In April 2020, as microbiologist Cameron Myhrvold had just finished his second interview to join Princeton’s faculty, his paper was published in Nature introducing the revolutionary CARMEN system that simultaneously tests for the 170 most prevalent human-infecting viruses — including the then-novel coronavirus. At the time, only 39 of those viruses had FDA-approved diagnostic tests.
- Wednesday, Nov 24, 2021
- Tuesday, Mar 9, 2021
Some of Princeton’s leading cancer researchers were startled to discover that what they thought was a straightforward investigation into how cancer spreads through the body — metastasis — turned up evidence of liquid-liquid phase separations: the new field of biology research that investigates how liquid blobs of living materials merge into each other, similar to the movements seen in a lava lamp or in liquid mercury.
- Wednesday, Feb 24, 2021
COVID-19 can be thought of as a game of chicken, except instead of driving head-on towards each other and betting the other person will swerve at the last minute, we’re going out when we should be staying home and foregoing social distancing, masks and hygiene measures.
- Thursday, Feb 18, 2021
The Howard Hughes Medical Institute (HHMI) has named Princeton postdoctoral researcher Sofia Quinodoz a 2020 Hanna Gray Fellow, bolstering her study into how the structures within cells contribute to disease.
- Wednesday, Feb 17, 2021
One early feature of reporting on the coronavirus pandemic was the perception that sub-Saharan Africa was largely being spared the skyrocketing infection and death rates that were disrupting nations around the world.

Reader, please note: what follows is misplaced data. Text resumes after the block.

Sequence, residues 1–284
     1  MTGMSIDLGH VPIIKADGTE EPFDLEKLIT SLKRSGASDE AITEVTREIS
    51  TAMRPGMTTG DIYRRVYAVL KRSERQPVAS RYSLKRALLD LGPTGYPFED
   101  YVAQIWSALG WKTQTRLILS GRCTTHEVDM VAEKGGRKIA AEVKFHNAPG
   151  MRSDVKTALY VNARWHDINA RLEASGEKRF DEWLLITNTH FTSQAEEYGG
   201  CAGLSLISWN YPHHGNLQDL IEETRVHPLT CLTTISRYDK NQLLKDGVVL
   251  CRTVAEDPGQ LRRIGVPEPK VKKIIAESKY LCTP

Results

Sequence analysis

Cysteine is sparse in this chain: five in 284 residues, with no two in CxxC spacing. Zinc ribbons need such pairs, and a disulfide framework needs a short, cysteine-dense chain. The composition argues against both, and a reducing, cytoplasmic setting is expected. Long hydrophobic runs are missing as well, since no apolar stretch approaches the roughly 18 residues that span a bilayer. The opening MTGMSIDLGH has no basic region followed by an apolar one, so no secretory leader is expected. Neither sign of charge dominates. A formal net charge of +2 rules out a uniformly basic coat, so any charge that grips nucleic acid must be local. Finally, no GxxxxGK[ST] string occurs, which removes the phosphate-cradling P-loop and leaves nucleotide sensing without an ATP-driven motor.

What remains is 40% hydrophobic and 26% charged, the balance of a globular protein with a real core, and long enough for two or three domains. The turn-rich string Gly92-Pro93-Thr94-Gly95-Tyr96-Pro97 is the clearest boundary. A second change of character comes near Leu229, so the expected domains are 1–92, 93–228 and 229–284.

- Wednesday, Feb 3, 2021
Scientists and research based at Princeton University played a critical role in a new national report that investigates the technology, policy and societal dimensions of accelerating decarbonization in the United States.
- Friday, Jan 29, 2021
As any cook knows, some liquids mix well with each other, but others do not.
- Monday, Jan 25, 2021
Before wolves were reintroduced to Yellowstone National Park in the mid-1990s, they were vaccinated for common diseases and treated for any parasite infections they already carried. As a result, the first few generations of wolves were relatively disease-free, but over the years, various diseases have found their way into the population.
- Monday, Nov 23, 2020
Forest-dwelling bacteria known for forming slimy swarms that prey on other microbes can also cooperate to construct mushroom-like survival shelters known as fruiting bodies when food is scarce. Now a team at Princeton University has discovered the physics behind how these rod-shaped bacteria, which align in patterns like those on fingerprint whorls and liquid crystal displays, build the layers of these fruiting bodies. The study was published online Nov. 23 in Nature Physics.
- Wednesday, Oct 21, 2020
Are obesity, diabetes, cardiovascular illnesses and more the result of a “mismatch” between the meals we eat and the foods our bodies are prepared for?
The “mismatch hypothesis” argues that each of our bodies has evolved and adapted to digest the foods that our ancestors ate, and that human bodies will struggle and largely fail to metabolize a radically new set of foods.